OTTAWA — The federal minister responsible for border security is downplaying concerns raised by an American congressman about threats along the Canada-U.S border.
California Democrat Rep. Lou Correa told CTV News in an interview that aired Sunday that America's northern border is "totally wide open" because of insufficient staffing. Correa is chairman-elect of the House Homeland Security Oversight Subcommittee.
A spokeswoman for Border Security and Organized Crime Reduction Minister Bill Blair said Canada has ongoing discussions with U.S. Homeland Security Secretary Kirstjen Nielsen on the topic of a bilateral "shared goal of facilitating the movement of low-risk travellers and goods."
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Canadian and U.S. law enforcement agencies work with each other on a daily basis to address potential threats, spokeswoman Marie-Emmanuelle Cadieux said in an email Monday evening.
"With over 400,000 people crossing our border with the United States every day, and neither country ever being the origin of a terrorist attack against the other, the Canada-U.S. relationship comprises one of the closest and most robust security partnerships in the world," she said.
Correa told CTV News that there are "big swaths of area" along the border that nobody is patrolling. "A lot of negative things go in and out: drug trade, arms trade, things that happen on the northern border that nobody's watching. And it's happening now," he said.
Public Safety Minister Ralph Goodale responded to Correa's comments Monday mentioning 200 U.S. border patrol agent vacancies flagged in a recent report.
Noting the $2.5-billion value of goods physically traded between the two countries every day, Goodale said the vast majority of the Canada-U.S. border is "absolutely problem-free."
"So there's no criticism about the staffing or the employee complement, the security complement on the Canadian side," he said.
Democrats pushing for more attention on U.S.-Canada border
Newly empowered House Democrats are critical of President Trump's focus on the southern U.S.-Mexico border, and Correa suggested more resources need to be considered for the 49th parallel, which stretches approximately 6,416.5 kilometres.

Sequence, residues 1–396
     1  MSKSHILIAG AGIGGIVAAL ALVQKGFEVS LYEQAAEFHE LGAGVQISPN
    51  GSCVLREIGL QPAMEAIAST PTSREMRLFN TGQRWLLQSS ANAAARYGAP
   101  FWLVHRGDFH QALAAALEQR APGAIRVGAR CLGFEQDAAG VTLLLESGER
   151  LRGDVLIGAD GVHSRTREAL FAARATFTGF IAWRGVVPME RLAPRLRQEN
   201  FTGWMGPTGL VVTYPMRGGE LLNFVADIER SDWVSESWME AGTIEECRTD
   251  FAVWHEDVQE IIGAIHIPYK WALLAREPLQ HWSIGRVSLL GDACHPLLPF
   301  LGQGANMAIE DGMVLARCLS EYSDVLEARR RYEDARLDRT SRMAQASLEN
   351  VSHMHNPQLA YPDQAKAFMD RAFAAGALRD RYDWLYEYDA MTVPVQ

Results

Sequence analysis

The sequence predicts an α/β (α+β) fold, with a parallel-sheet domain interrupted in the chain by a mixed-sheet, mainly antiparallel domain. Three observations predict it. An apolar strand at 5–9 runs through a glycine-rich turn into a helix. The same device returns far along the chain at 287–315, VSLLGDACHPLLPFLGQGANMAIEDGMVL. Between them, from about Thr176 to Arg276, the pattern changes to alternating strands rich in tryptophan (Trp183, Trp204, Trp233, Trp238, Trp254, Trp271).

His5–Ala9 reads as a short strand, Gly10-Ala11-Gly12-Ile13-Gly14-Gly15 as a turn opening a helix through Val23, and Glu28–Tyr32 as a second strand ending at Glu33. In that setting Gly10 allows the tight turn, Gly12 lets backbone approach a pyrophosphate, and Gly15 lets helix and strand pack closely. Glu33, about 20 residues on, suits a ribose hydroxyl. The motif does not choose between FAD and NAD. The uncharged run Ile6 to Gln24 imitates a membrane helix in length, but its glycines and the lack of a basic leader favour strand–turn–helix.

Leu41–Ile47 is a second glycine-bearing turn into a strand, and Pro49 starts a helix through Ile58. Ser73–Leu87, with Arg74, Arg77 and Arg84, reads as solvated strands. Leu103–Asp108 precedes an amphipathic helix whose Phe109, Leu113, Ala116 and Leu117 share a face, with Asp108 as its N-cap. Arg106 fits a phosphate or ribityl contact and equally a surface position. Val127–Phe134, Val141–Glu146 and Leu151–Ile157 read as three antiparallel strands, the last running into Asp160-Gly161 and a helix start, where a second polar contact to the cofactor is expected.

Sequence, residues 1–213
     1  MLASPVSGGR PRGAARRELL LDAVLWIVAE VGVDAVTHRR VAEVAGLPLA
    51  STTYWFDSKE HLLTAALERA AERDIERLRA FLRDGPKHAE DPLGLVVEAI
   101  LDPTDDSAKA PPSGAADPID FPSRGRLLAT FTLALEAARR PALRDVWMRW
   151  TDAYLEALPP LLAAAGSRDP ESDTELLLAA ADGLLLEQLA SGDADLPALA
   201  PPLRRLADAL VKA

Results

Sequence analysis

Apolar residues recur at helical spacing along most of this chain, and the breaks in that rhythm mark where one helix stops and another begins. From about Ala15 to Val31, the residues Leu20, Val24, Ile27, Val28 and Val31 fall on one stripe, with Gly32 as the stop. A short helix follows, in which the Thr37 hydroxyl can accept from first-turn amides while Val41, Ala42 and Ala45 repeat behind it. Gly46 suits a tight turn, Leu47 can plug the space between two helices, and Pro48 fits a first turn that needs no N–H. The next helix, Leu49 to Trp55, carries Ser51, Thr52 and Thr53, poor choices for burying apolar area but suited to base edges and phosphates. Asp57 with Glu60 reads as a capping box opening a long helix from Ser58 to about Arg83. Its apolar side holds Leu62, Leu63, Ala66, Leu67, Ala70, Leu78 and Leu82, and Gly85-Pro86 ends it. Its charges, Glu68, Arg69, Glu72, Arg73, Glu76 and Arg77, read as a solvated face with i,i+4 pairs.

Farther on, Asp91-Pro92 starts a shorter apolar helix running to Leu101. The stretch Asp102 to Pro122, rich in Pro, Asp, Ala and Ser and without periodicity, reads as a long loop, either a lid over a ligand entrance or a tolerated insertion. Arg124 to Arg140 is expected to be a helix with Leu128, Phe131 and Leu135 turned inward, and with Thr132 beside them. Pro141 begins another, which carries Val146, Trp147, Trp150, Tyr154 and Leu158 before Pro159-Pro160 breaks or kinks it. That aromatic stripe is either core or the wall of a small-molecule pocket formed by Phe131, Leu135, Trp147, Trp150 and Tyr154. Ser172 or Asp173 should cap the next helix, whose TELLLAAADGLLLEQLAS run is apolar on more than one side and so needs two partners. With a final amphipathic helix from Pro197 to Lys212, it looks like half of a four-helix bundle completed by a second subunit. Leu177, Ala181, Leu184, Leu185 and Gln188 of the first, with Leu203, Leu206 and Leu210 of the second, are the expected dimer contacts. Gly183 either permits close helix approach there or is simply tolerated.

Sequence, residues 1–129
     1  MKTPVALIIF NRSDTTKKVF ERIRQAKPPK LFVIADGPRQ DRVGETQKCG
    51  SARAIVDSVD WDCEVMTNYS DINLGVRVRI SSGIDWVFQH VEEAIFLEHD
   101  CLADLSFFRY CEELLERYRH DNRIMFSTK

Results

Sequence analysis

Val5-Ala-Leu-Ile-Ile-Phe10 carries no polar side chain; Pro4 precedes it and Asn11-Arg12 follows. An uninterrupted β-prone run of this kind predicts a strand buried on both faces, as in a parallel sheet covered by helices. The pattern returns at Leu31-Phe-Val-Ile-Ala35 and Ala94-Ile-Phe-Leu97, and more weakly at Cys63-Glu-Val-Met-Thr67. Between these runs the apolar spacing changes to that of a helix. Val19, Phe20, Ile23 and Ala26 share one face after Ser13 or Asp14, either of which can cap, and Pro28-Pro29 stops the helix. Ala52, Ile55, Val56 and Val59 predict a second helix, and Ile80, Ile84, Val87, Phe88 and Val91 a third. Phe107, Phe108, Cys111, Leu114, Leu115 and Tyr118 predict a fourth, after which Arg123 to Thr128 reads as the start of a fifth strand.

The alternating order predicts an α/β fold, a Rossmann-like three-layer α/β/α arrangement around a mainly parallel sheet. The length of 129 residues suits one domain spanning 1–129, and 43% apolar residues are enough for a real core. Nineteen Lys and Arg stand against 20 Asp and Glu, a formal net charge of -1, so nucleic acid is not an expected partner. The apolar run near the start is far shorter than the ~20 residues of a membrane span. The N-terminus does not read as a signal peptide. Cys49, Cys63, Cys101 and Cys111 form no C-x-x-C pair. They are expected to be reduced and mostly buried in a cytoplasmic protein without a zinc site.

And he's not the only Democrat raising similar concerns.
Rep. Anthony Brown (D-Md.) told the House of Representatives earlier this month that Trump's claims that "thousands" of terrorists enter the U.S. through the southern border are not based in fact.
"Last year, more suspected foreign terrorists were apprehended at the northern border than at our southern border," Brown said in a Jan. 10 speech protesting a government shutdown over funding for the wall proposed along the U.S.-Mexico border.
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In its 2018-2019 departmental plan tabled last year, the Canada Border Services Agency stated "keeping pace with cross-border criminal activity, national security threats, migration flows and public safety priorities is an ongoing challenge."
The agency noted that advances in technology could bolster the CBSA's border protection capabilities, but "may also benefit transnational organized crime groups in identifying and exploiting border vulnerabilities."
Conservatives have been critical about the government's handling of border-related issues, particularly involving the movement of irregular border crossers — those who enter Canada between official border checkpoints.
Tory MP Michelle Rempel extended an opportunity for Correa to appear before a House committee on immigration, of which she is a vice-chair.
If @RepLouCorrea would like an invitation to appear at the Canadian House of Commons standing committee on Immigration and Citizenship on this matter, I know a Vice Chair who would be happy to provide him one. https://t.co/O9Byi5fCLi— Michelle Rempel (@MichelleRempel) January 21, 2019
Correa did not respond to HuffPost Canada's request for confirmation if he accepted or declined Rempel's offer.